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Your Rights to Public Places

It’s illegal for places that do business with the public to discriminate against you because of certain protected characteristics.

In Oregon, this includes public accommodations.” A public accommodation is a private business or organization that offers goods or services to the public. This includes any place that offers the public something, whether it is goods, services, lodging, amusements or otherwise.

It is illegal to discriminate in places of public accommodation on the basis of race, sex (including pregnancy), sexual orientation, national origin, religion, marital status, physical or mental disability, or age (18 years of age and older).

No career school (private vocational, professional, or trade) licensed to operate in Oregon may discriminate in its admission or instruction practices because of an individual’s race, color, sex (including pregnancy), sexual orientation, marital status, religion, national origin, age, or physical or mental disabilities.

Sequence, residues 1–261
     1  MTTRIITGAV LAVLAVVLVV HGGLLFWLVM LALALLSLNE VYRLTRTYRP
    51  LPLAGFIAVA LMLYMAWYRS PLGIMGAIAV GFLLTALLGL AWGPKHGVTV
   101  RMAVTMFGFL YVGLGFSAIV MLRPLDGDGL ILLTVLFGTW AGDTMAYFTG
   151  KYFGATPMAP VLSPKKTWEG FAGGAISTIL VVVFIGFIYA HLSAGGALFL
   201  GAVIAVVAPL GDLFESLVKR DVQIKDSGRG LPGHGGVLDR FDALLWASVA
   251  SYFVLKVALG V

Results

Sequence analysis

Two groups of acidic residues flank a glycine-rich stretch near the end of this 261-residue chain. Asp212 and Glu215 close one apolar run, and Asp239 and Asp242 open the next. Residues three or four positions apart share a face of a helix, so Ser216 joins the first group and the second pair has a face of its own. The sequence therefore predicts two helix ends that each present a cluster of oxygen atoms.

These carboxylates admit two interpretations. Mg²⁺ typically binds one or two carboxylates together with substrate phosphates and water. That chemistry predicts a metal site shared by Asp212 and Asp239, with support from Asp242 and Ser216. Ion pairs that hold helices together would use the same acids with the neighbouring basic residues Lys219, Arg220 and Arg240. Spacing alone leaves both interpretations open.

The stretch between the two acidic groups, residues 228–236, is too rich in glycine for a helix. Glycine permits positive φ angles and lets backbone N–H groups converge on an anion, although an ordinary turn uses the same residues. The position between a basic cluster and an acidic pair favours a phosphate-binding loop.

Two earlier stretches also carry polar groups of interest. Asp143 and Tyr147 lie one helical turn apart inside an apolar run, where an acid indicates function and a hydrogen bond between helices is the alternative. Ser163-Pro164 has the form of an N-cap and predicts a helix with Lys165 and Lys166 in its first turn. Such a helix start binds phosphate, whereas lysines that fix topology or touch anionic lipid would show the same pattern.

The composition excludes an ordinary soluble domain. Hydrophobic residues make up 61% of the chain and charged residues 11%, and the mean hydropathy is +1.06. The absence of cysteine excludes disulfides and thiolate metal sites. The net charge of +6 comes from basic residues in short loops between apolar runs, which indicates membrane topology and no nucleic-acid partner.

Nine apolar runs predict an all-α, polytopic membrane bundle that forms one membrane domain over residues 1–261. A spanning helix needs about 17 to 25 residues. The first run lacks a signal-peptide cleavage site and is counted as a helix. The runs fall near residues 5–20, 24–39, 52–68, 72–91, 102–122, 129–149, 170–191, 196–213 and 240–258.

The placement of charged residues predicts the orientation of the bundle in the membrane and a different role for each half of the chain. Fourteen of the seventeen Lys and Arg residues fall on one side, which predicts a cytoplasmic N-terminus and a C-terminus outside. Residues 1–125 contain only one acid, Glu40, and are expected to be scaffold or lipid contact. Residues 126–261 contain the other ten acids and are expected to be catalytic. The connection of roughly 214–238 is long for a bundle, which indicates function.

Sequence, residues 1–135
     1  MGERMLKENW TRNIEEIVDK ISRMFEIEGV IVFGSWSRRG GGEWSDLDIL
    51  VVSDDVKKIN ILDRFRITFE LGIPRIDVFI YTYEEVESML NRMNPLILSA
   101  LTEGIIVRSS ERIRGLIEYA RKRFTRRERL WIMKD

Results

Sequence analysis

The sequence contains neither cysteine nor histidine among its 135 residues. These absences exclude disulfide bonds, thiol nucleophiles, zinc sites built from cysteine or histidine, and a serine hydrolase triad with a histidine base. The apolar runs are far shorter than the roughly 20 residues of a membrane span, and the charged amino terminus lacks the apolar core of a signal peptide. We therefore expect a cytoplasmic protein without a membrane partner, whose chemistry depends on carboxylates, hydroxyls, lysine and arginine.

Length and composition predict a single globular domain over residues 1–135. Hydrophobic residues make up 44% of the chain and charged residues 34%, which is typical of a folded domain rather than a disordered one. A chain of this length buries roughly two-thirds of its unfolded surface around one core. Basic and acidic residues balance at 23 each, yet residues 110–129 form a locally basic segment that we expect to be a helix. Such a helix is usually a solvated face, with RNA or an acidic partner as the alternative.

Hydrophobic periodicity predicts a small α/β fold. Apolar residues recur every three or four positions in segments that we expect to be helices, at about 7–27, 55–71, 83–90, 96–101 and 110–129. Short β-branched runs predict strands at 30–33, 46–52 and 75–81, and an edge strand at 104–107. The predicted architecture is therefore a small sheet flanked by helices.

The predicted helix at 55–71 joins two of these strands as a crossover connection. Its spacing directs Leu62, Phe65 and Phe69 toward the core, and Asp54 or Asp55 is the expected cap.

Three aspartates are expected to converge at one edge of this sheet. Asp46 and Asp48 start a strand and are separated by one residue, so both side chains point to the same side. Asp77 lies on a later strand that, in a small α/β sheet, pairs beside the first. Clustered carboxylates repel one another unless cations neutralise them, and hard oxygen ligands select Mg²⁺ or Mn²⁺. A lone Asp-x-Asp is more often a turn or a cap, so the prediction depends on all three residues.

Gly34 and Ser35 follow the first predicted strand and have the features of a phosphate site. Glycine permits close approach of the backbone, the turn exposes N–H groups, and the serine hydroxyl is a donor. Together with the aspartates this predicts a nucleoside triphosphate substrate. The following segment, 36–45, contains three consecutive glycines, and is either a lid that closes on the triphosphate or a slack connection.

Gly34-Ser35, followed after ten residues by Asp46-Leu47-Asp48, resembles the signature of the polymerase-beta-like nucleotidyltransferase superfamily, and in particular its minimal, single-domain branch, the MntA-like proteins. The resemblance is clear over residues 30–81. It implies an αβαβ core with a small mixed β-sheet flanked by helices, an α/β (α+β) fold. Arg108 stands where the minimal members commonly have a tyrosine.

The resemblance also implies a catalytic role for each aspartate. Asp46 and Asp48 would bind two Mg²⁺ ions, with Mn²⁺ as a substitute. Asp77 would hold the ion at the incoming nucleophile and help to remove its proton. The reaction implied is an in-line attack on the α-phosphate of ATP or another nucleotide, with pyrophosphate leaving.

If you think you are being discriminated against in a public place in Oregon, you can file a complaint. You can also contact us at or call 971-673-0761.

Oregon Bureau of Labor and Industries protects your civil rights in our state.

Discrimination in public places could look like:
  • Being asked to leave a store or restaurant because of your race
  • Not being served at a grocery store because of your sexual orientation
  • Your family is offered different rental options or prices than people of a different national origin
  • You’re evicted after your landlord finds out your sexual orientation

We can help

If you think you are being discriminated against in a public place in Oregon, you can file a complaint here. You can also contact us at or call 971-673-0761.

The law

Disclaimer: This website is not intended as legal advice. Any responses to specific questions are based on the facts as we understand them and the law that was current when the responses were written. They are not intended to apply to any other situations. This communication is not an agency order. If you need legal advice, please consult an attorney.​

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